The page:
That is HISTORY. Should be TAUGHT. If History is made into something else ,it will repeat itself. Now,here is the kicker. It ain't happening NOW! I refuse to take responsibility for stuff that happened 60 -250 years ago.
Doing what you always do.

Ignoring most of the article.

Now go ahead and try to dispute any part of it.

I doubt you can.
 
Mar 2019
4,059
1,417
California
#4
Doing what you always do.

Ignoring most of the article.

Now go ahead and try to dispute any part of it.

I doubt you can.
I did. Most of it is a load of crap. Trump offered the Dems a DACA deal.It was refused by the Dems. Christine Ford was a LIAR. It never happened. No witnesses. No corroboration. No memory of place,time ,or YEAR.Until coached by Feminist lawyer hired by Harris. ALIEN children do not belong here. Should be sent home with REAL parents. And those Football players were protesting AT WORK. That Sucks ,seen as how they were making Millions. And the KKK was started by DEMOCRATS.
 
Jul 2014
66,179
54,809
CA
#5
I did. Most of it is a load of crap. Trump offered the Dems a DACA deal.It was refused by the Dems. Christine Ford was a LIAR. It never happened. No witnesses. No corroboration. No memory of place,time ,or YEAR.Until coached by Feminist lawyer hired by Harris. ALIEN children do not belong here. Should be sent home with REAL parents. And those Football players were protesting AT WORK. That Sucks ,seen as how they were making Millions. And the KKK was started by DEMOCRATS.
Got it

So you are part of the Trump cruelty camp

Not that I am surprised by that at all.

Looks like you also fine with bullying and mocking people too.

And that is just such a sad way to live your life.
 
Dec 2014
13,617
11,188
NWOHQ
#6
The Museum of African-American History and Culture is in part a catalog of cruelty. Amid all the stories of perseverance, tragedy, and unlikely triumph are the artifacts of inhumanity and barbarism: the child-size slave shackles, the bright red robes of the wizards of the Ku Klux Klan, the recordings of civil-rights protesters being brutalized by police. The artifacts that persist in my memory, the way a bright flash does when you close your eyes, are the photographs of lynchings. But it’s not the burned, mutilated bodies that stick with me. It’s the faces of the white men in the crowd. There’s the photo of the lynching of Thomas Shipp and Abram Smith in Indiana in 1930, in which a white man can be seen grinning at the camera as he tenderly holds the hand of his wife or girlfriend. There’s the undated photo from Duluth, Minnesota, in which grinning white men stand next to the mutilated, half-naked bodies of two men lashed to a post in the street—one of the white men is straining to get into the picture, his smile cutting from ear to ear. There’s the photo of a crowd of white men huddled behind the smoldering corpse of a man burned to death; one of them is wearing a smart suit, a fedora hat, and a bright smile.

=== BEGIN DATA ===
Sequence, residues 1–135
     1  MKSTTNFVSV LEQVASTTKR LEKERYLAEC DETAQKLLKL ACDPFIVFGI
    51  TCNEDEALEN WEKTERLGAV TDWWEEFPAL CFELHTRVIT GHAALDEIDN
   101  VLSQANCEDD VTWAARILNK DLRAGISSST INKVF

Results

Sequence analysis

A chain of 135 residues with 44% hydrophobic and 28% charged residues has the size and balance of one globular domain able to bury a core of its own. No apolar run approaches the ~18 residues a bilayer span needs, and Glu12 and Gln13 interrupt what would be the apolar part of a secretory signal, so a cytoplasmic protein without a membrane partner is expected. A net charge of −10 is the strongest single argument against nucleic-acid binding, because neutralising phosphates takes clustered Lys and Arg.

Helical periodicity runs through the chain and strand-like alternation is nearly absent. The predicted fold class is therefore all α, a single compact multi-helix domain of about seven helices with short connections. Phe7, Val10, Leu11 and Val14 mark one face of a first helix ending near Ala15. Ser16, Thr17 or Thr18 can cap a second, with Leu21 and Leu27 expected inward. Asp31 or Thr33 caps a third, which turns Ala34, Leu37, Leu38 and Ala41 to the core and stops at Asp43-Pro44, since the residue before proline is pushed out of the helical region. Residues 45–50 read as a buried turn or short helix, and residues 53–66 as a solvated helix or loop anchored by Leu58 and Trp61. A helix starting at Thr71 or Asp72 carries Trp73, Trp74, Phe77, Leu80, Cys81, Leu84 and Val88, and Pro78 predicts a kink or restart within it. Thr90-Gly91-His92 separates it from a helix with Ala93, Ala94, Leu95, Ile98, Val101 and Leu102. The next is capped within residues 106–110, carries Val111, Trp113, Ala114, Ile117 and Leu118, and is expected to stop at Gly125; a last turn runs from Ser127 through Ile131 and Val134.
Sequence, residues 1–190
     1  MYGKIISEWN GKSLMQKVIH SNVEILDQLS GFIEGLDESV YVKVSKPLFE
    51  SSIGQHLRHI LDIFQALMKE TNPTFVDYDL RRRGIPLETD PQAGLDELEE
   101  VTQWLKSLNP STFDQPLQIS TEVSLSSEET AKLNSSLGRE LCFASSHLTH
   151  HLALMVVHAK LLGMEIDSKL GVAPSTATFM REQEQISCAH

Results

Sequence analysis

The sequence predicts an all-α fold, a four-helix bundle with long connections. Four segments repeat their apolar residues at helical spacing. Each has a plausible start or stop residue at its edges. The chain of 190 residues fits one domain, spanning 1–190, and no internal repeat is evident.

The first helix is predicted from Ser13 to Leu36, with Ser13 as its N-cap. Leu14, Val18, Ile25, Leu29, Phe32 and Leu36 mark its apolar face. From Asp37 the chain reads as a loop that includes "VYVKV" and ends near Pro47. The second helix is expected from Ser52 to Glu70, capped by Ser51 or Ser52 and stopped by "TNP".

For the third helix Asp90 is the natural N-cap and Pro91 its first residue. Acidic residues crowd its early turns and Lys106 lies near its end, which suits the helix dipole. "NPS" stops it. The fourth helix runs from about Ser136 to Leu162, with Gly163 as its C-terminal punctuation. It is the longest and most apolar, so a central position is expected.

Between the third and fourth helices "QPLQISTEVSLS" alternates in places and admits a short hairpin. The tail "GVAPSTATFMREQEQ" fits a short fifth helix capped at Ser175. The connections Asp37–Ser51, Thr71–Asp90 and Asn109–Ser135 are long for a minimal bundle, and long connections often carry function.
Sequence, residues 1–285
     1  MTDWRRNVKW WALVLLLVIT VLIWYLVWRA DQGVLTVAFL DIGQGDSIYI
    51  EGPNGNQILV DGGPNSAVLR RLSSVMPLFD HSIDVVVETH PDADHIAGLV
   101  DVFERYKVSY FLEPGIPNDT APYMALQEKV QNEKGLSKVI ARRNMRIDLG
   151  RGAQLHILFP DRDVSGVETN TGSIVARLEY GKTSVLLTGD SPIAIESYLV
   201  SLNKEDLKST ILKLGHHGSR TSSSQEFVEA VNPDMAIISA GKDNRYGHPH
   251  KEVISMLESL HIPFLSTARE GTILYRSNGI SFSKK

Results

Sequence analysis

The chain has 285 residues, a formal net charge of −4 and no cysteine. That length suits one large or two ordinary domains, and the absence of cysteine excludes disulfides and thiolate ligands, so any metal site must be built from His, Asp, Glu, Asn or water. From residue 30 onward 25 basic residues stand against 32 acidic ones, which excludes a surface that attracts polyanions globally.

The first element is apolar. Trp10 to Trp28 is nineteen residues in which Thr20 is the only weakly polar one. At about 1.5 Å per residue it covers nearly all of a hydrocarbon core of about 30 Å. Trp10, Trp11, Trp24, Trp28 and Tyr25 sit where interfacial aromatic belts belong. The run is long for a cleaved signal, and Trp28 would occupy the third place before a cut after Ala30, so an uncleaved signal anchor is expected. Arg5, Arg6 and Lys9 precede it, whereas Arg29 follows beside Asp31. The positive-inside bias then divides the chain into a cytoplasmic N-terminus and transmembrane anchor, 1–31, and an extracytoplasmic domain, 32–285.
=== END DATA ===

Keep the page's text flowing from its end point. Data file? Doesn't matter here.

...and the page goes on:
The Trump era is such a whirlwind of cruelty that it can be hard to keep track. This week alone, the news broke that the Trump administration was seeking to ethnically cleanse more than 193,000 American children of immigrants whose temporary protected status had been revoked by the administration, that the Department of Homeland Security had lied about creating a database of children that would make it possible to unite them with the families the Trump administration had arbitrarily destroyed, that the White House was considering a blanket ban on visas for Chinese students, and that it would deny visas to the same-sex partners of foreign officials. At a rally in Mississippi, a crowd of Trump supporters cheered as the president mocked Christine Blasey Ford, the psychology professor who has said that Brett Kavanaugh, whom Trump has nominated to a lifetime appointment on the Supreme Court, attempted to rape her when she was a teenager. “Lock her up!” they shouted.

We can hear the spectacle of cruel laughter throughout the Trump era. There were the border-patrol agents cracking up at the crying immigrant childrenseparated from their families, and the Trump adviser who delighted white supremacists when he mocked a child with Down syndrome who was separated from her mother. There were the police who laughed uproariously when the president encouraged them to abuse suspects, and the Fox News hosts mocking a survivor of the Pulse Nightclub massacre (and in the process inundating him with threats), the survivors of sexual assault protesting to Senator Jeff Flake, the women who said the president had sexually assaulted them, and the teen survivors of the Parkland school shooting. There was the president mocking Puerto Rican accents shortly after thousands were killed and tens of thousands displaced by Hurricane Maria, the black athletes protesting unjustified killings by the police, the women of the #MeToo movement who have come forward with stories of sexual abuse, and the disabled reporter whose crime was reporting on Trump truthfully. It is not just that the perpetrators of this cruelty enjoy it; it is that they enjoy it with one another. Their shared laughter at the suffering of others is an adhesive that binds them to one another, and to Trump.